Columnist Dave Taylor reminisces about the early days of UNIX and how Linux evolved and grew from that seed.
Twenty five years of Linux Journal. This also marks my 161st column with the magazine too, which means I've been a part of this publication for almost 14 years. Where does the time go?
In honor of the historical significance of this issue, I wanted to share some of my memories of the very early days of UNIX, Minix and Linux. If you're a regular reader of my column, you'll recall that I'm in the middle of developing a mail merge Bash utility, but that'll just have to wait until next time. I promise, the shell ain't going anywhere in the meantime!
Back in the Day
I first stepped foot on campus at UC San Diego in late 1980, a declared computer science major. At that point, a lot of our compsci program was based on USCD Pascal on Apple II systems. I still have fond memories of floppy drives and those dorky, pixelated—but oh so fun!—Apple II games we'd play during lab time.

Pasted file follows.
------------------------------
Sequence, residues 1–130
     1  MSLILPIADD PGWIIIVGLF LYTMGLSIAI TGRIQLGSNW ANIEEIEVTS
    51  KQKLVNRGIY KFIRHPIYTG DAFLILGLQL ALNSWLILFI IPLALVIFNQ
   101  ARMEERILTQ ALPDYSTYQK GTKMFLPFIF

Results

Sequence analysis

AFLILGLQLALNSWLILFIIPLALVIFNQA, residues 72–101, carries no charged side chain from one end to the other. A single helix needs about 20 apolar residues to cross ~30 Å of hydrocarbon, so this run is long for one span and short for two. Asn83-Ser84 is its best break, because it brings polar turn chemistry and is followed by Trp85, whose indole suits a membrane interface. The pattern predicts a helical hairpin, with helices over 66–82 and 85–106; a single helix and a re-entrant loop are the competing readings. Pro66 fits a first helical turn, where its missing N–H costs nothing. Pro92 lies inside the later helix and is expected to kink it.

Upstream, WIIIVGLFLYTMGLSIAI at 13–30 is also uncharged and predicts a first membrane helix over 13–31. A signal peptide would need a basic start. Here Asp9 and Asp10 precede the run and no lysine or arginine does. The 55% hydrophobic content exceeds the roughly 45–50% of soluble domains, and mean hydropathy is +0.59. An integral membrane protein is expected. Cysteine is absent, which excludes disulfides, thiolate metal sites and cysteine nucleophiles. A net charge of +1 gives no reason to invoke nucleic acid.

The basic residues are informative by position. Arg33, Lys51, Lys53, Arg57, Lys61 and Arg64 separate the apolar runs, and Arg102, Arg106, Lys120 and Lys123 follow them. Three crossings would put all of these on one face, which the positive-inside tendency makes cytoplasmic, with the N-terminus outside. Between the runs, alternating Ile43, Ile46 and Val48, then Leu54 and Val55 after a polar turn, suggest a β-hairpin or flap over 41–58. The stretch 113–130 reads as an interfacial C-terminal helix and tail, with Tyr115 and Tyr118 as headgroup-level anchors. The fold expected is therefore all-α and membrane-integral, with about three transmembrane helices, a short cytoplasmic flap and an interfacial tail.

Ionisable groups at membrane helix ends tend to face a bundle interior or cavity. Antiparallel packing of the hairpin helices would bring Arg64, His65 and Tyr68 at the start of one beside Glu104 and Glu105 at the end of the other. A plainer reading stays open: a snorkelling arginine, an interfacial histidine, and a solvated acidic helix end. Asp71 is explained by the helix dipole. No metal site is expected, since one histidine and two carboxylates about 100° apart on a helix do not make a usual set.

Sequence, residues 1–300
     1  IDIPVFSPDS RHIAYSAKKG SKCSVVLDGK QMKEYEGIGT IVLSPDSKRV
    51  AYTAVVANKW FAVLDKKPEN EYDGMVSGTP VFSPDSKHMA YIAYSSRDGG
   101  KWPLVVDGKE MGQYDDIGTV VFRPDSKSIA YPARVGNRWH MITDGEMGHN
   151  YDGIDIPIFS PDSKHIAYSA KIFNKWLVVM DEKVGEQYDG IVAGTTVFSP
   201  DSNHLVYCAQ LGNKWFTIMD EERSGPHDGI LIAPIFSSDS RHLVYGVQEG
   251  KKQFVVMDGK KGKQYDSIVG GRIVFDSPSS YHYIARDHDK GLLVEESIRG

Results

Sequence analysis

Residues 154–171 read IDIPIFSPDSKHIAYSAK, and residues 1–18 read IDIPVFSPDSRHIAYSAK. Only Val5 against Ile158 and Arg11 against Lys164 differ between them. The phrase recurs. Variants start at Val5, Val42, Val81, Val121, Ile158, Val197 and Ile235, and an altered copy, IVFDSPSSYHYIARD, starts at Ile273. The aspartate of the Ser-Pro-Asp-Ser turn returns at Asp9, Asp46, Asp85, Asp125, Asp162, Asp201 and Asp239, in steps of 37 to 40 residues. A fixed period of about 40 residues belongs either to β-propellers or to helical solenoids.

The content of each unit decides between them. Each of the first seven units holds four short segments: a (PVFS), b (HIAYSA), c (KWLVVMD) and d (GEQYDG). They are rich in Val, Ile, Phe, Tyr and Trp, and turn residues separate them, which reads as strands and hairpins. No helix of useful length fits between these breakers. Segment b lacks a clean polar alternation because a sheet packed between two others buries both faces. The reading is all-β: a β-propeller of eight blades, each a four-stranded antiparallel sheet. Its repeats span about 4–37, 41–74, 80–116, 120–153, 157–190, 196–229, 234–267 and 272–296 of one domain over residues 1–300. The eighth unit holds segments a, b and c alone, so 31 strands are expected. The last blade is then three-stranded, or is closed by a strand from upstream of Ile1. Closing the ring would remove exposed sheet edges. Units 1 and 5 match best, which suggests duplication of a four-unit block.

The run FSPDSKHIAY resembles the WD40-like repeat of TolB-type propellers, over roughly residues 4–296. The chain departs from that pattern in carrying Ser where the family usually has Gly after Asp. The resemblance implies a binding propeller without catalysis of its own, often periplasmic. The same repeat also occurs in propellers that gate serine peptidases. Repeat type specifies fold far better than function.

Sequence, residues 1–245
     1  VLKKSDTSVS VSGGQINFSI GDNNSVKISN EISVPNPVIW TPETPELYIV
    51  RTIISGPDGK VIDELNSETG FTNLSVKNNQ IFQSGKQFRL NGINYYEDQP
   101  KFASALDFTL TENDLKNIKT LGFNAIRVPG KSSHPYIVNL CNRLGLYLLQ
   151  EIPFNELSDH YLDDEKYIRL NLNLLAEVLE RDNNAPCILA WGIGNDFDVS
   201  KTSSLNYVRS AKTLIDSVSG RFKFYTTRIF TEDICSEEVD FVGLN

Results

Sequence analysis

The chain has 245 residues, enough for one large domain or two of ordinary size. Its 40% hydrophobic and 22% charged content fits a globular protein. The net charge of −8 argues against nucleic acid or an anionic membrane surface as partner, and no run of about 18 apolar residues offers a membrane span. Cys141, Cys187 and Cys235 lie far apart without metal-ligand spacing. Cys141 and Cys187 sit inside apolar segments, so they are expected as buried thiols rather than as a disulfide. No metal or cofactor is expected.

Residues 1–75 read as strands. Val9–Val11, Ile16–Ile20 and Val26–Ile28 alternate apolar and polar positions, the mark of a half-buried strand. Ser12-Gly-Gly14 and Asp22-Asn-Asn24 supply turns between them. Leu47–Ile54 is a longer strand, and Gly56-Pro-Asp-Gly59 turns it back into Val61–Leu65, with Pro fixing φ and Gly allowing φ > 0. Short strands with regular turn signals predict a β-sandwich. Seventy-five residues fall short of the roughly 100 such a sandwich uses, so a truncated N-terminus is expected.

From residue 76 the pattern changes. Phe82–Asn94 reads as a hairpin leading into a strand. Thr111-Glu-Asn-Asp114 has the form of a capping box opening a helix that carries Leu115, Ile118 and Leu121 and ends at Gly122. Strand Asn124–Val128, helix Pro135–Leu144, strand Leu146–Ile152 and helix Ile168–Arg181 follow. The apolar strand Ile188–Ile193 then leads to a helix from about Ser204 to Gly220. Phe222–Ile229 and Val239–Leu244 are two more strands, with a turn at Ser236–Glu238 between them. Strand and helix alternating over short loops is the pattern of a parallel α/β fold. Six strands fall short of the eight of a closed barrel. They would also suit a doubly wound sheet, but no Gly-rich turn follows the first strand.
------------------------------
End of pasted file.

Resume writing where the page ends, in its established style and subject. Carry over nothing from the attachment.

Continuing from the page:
For more serious classes, however, we had some big iron—a mainframe with accounts and remote computer lab terminals set up in designated rooms. The operating system on those systems? UNIX—an early version of BSD UNIX is my guess. It had networking using a modem-to-modem connection called UNIX-to-UNIX Copy Protocol, or UUCP. If you wanted to send email to someone, you used addresses where it was:
unique-hostname ! unique-hostname ! account
I don't remember my UCSD email address, but some years later, I was part of the admin team on the major UUCP hub hplabs, and my email address was simply hplabs!taylor.
Somewhere along the way, networking leaped forward with TCP/IP (we had TCP/IP "Bake Offs" to test interoperability). Once we had many-to-many connectivity, it was clear that the "bang" notation was unusable and unnecessarily complicated. We didn't want to worry about routing, just destination. Enter the "@" sign. I became firstname.lastname@example.org.
Meanwhile, UNIX kept growing, and the X Window System from MIT gained popularity as a UI layer atop the UNIX command line. In fact, X is a public domain implementation of the windowing system my colleagues and I first saw at the Xerox Palo Alto Research Center. PARC had computers where multiple programs were on the screen simultaneously in "windows", and there was a pointer device used to control them—so cool. Doug Englebart was inspired too; he went back to Stanford Research Institute and invented the mouse to make control of those windows easier. At Apple, they also saw what was being created at PARC and were inspired to create the Macintosh with all its windowing goodness.